Jessie Graff is readied and focused for solo competition in Miami on American Ninja Warrior, now airing its milestone 10th season on NBC. Among the wonder women of the franchise, the consummate competitor got a confidence boost winning the skills competition during the All-Star special and being a member of the winning All-Star team.
“For me it’s all about conquering a new impossible challenge and seeing how I can test my own limits,” she said. “I think the significance of season 10 is that I think the producers want to go even bigger and make it epic, so we know we can expect even bigger, crazier challenges.”
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One of the obstacles Graff has to overcome is juggling 10-hour days on sets as a stuntwoman with preparing for Ninja Warrior events.
“There has been very little time for actual ninja training,” she said. “That gives me additional challenge in competition of having to be smarter, more efficient and strategic as possible because I’m not sure if my strength is not where it usually is.”
No matter how exhausted the 34-year-old is she pushes through, wanting to set an example for children and adults watching. It’s why Graff was ecstatic to be a part of the Nexcare's latest campaign “Tough Love.” She is partnering with bandage brand to champion parents who want to raise resilient kids.
“We are helping to self -identify helicopter parents who are super overprotective in a way that is limiting their kids’ ability to grow and develop grit,” she explains.
“We set up these hidden cameras in the backyard and the parents watched as I got to pose as a babysitter and just challenge the kids to test their abilities and take risks in a safe way. The parents were terrified watching, but so excited to see their kids grow.
“They could identify so quickly that kids have absorbed their fear and that it was holding them back. I got to push each one through a barrier that they didn’t think they can push through. They immediately saw it and thought they couldn’t do it for fear of falling.
"I spotted them. They did it on their own, and they were so excited and wanted to try new things. It was exciting to see them grow in this way.”
Graff finds the most valuable skill she has as a human being is knowing how to fall safely. It provides her the freedom to try bigger things, knowing she will land okay. She parlays this mentality into all parts of life.
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“I fall and if it’s a hard fail and emotionally challenging, I know that I’m going to have that mental toughness to get back up and try harder in the future,” Graff said.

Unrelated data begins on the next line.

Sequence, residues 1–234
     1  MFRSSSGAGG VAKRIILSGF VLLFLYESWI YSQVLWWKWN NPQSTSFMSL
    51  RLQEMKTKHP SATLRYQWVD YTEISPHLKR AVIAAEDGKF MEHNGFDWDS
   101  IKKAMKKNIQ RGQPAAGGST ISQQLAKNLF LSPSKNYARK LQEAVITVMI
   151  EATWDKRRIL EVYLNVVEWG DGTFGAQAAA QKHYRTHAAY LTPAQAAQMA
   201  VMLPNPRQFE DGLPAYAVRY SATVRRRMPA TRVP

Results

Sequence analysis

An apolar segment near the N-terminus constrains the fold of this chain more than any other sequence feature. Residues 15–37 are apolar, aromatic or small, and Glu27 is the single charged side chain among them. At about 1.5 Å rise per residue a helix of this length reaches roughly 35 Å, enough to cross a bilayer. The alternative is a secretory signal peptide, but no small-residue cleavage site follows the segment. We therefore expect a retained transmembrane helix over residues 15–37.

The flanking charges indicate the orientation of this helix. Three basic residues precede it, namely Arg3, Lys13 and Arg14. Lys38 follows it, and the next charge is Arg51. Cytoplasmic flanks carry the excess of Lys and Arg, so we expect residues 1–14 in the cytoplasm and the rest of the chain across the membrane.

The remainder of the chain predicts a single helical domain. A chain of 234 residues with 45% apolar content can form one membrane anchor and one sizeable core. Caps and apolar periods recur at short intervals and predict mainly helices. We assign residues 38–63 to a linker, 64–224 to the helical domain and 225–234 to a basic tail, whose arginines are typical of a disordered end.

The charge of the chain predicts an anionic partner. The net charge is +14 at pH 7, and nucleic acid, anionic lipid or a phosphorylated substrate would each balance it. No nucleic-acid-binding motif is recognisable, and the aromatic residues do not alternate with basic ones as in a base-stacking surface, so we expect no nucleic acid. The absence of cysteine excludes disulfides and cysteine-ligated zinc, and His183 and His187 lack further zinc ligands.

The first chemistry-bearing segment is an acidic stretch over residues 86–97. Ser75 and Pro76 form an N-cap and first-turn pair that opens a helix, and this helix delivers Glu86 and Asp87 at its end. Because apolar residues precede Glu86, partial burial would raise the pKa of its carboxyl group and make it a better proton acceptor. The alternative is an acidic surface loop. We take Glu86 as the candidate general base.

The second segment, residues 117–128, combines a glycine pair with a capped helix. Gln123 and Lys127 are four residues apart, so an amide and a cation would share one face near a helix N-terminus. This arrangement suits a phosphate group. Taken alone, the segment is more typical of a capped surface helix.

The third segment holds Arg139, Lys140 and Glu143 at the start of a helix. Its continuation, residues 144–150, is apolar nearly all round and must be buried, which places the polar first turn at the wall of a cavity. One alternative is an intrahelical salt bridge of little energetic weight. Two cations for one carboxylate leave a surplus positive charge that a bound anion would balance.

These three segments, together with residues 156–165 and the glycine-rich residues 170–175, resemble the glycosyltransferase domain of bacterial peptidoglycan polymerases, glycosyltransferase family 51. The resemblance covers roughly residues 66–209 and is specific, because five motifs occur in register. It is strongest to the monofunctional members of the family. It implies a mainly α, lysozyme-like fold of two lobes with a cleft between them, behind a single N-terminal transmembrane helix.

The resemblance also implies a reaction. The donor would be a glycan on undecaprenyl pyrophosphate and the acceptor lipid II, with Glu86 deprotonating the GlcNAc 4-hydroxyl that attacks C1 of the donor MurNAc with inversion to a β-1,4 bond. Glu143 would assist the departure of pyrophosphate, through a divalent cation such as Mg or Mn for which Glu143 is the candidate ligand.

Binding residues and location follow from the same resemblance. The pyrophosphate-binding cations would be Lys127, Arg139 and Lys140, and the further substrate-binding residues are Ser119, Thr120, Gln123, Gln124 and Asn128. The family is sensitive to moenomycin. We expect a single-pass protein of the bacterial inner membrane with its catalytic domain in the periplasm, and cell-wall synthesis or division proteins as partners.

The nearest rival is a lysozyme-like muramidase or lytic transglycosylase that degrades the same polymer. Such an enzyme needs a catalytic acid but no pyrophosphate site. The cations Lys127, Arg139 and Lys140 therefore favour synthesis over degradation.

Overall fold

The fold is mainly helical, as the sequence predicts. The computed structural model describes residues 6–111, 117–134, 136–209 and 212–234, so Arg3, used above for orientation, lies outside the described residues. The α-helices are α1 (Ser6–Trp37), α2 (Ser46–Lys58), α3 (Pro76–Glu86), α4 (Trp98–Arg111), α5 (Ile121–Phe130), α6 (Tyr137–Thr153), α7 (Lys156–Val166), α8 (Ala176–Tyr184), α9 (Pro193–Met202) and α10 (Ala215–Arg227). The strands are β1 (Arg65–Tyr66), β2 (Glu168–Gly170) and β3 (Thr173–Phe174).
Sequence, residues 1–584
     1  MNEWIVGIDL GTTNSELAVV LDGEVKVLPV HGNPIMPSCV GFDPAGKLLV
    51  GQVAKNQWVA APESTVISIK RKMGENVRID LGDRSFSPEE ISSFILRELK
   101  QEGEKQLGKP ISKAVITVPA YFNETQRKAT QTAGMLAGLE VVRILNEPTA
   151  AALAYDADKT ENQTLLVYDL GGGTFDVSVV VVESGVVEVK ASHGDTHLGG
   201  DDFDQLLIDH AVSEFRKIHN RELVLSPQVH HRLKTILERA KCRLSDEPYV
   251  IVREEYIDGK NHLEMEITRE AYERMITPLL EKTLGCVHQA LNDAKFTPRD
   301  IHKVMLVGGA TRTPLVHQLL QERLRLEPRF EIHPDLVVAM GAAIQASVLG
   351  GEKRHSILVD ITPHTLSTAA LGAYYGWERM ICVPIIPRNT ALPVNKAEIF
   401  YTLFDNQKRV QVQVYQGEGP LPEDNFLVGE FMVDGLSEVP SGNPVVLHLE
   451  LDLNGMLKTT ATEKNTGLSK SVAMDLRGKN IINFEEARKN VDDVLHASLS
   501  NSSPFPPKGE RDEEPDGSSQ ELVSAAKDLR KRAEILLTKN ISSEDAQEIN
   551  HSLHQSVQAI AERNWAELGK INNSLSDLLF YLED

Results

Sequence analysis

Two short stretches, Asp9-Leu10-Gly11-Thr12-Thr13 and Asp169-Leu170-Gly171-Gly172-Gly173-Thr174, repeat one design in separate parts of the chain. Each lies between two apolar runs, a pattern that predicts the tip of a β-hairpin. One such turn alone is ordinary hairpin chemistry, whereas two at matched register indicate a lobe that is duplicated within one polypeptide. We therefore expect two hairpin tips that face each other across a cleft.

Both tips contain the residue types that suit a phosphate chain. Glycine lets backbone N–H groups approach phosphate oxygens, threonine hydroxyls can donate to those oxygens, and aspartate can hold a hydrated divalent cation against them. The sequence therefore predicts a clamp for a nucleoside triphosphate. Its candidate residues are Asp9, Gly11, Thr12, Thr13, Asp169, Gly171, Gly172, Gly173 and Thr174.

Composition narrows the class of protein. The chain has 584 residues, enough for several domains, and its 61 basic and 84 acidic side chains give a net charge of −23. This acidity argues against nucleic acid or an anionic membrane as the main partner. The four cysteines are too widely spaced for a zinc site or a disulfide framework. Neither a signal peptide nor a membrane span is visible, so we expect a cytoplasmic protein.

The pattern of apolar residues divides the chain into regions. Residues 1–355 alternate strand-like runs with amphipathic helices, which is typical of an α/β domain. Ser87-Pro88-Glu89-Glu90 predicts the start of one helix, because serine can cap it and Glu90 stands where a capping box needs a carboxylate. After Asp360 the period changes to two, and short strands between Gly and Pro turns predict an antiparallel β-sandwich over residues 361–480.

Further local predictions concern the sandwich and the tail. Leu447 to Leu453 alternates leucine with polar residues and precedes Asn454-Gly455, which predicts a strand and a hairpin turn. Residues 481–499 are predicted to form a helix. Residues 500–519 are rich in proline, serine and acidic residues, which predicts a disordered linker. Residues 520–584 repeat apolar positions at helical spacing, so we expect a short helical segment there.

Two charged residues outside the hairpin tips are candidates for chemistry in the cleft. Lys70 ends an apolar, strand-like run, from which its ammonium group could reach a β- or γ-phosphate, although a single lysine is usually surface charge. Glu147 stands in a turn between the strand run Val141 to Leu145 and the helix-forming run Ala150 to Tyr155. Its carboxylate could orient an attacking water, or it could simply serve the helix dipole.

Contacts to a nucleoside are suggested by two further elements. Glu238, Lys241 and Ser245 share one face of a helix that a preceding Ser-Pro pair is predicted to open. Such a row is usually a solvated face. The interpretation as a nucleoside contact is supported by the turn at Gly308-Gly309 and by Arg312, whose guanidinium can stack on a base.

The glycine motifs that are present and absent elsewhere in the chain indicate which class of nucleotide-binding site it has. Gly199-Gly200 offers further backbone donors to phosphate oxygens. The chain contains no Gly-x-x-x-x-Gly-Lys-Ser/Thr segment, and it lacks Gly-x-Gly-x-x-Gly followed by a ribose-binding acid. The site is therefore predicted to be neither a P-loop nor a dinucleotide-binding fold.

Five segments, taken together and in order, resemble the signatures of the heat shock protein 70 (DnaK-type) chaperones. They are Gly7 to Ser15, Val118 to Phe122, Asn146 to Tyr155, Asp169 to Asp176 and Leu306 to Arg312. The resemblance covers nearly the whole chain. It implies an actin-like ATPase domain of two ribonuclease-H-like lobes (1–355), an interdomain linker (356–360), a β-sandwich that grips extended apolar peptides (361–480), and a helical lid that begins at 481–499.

“I feel so lucky that it’s something my parents encouraged in me for my whole life. I’ve had that gift of confidence from my parents, just to know that I can try anything and do anything and be a part of seeing that. They gave me that gift of telling me I can do anything I set my mind to if I work hard enough for it.
"Getting to see that sort of light up into little girls now and even adult women who have been told for most of their lives, ‘No, you can’t do that. You are a girl. You aren’t strong enough to do that.’
“Then seeing them realize, ‘No, I can. I can do anything I set my mind to. I know it’s going to be really hard, but that’s what is going to make it so exciting.’ I get to share that journey with so many women and kids now who will update me with things like doing their first pullup in their whole life. That confidence translates to every area of your life.”
The former NCAA indoor pole vaulter's background as a stuntwoman on projects such as Supergirl have helped her along in the Ninja Warrior environment. Especially when it comes to adapting to surroundings and understanding that obstacles are not designed to go smoothly from point a to point b.
“They are tricky,” she said. “You have to wind and weave in different directions. It’s always going to feel weird. You have to figure out a way to make it through. That’s what we deal with in stunts is the adaptability every day.
"Whatever we rehearse, someone is going to turn the set in a different direction, or there are going to be a weird surface, or you are about to do the flip and they are going to wet down the concrete because it looks better when it’s wet. And here are your high heels and you’re in a pencil skirt.
“Learning how to make your kicks work, how to do a flip, what kind of flip can you do if you’re in your skirt. The trampoline has to be hidden behind this couch so you’re going to have to jump sideways. All of that mental adaptation you have to translate immediately without practice on camera.
"Dealing with the pressure of being on set and only getting gone take or have to get it perfect every time. That’s also probably the biggest part of Ninja Warrior. It’s so similar.”
Graff remains dedicated to Ninja Warrior as she rarely thinks about moving on from something as much as taking on new challenges like “Ring Turn” and “Slippery Summit.” This is what fuels her passion for continuing to be part of the series all these years.
“I’m always challenged in new ways. Like if I cleared stage two in USA vs. The World in season eight, well stage two is going to be harder now. It’s going to test you in different ways. As long as I’m getting better as a result of training for the show, I want to keep doing.
“[This season] I’m going to do my best. I’m going to focus really hard. It’s always hard to say. The course is so incredibly volatile, that no matter how strong you are anyone can trip on the tiniest thing. For me, watching anyone. You’re on the edge of your seat.”
American Ninja Warrior, Wednesdays & Fridays, 8/7c, NBC